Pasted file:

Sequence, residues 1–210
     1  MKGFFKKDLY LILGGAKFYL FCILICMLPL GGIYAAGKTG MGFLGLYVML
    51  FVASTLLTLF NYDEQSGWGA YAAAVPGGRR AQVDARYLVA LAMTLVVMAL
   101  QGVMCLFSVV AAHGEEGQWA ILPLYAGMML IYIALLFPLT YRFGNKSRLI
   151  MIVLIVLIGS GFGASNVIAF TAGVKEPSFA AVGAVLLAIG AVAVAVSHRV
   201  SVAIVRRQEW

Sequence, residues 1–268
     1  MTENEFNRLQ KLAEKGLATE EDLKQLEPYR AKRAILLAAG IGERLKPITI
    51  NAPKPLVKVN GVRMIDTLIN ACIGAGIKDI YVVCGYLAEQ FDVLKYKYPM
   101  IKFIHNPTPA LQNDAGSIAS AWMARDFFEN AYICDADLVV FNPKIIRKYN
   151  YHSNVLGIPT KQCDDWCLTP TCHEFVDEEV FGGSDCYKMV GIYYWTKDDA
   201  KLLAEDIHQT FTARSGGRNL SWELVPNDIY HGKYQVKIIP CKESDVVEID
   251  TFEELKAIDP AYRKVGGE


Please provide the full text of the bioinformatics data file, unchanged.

Sequence, residues 1–210
     1  MKGFFKKDLY LILGGAKFYL FCILICMLPL GGIYAAGKTG MGFLGLYVML
    51  FVASTLLTLF NYDEQSGWGA YAAAVPGGRR AQVDARYLVA LAMTLVVMAL
   101  QGVMCLFSVV AAHGEEGQWA ILPLYAGMML IYIALLFPLT YRFGNKSRLI
   151  MIVLIVLIGS GFGASNVIAF TAGVKEPSFA AVGAVLLAIG AVAVAVSHRV
   201  SVAIVRRQEW

Sequence, residues 1–268
     1  MTENEFNRLQ KLAEKGLATE EDLKQLEPYR AKRAILLAAG IGERLKPITI
    51  NAPKPLVKVN GVRMIDTLIN ACIGAGIKDI YVVCGYLAEQ FDVLKYKYPM
   101  IKFIHNPTPA LQNDAGSIAS AWMARDFFEN AYICDADLVV FNPKIIRKYN
   151  YHSNVLGIPT KQCDDWCLTP TCHEFVDEEV FGGSDCYKMV GIYYWTKDDA
   201  KLLAEDIHQT FTARSGGRNL SWELVPNDIY HGKYQVKIIP CKESDVVEID
   251  TFEELKAIDP AYRKVGGE